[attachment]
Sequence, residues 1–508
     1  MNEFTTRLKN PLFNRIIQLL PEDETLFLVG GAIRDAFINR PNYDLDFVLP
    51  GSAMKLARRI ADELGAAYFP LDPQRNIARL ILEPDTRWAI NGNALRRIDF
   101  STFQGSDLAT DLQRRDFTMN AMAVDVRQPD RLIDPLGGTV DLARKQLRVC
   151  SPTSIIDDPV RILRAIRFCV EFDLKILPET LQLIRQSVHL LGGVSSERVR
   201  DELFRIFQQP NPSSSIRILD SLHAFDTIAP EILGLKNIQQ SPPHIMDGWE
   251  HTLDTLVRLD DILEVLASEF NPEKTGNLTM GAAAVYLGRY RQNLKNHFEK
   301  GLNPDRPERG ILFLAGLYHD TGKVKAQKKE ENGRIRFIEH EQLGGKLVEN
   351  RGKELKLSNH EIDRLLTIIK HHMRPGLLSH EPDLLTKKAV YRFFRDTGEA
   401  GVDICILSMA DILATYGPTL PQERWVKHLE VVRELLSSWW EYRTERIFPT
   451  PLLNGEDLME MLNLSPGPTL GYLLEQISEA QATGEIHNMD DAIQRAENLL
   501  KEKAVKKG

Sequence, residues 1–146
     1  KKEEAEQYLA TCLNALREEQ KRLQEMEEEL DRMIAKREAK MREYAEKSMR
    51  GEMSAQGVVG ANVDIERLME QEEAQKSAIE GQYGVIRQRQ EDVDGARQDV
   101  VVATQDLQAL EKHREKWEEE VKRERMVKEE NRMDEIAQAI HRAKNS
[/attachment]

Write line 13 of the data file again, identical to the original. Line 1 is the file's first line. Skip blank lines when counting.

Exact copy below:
Sequence, residues 1–146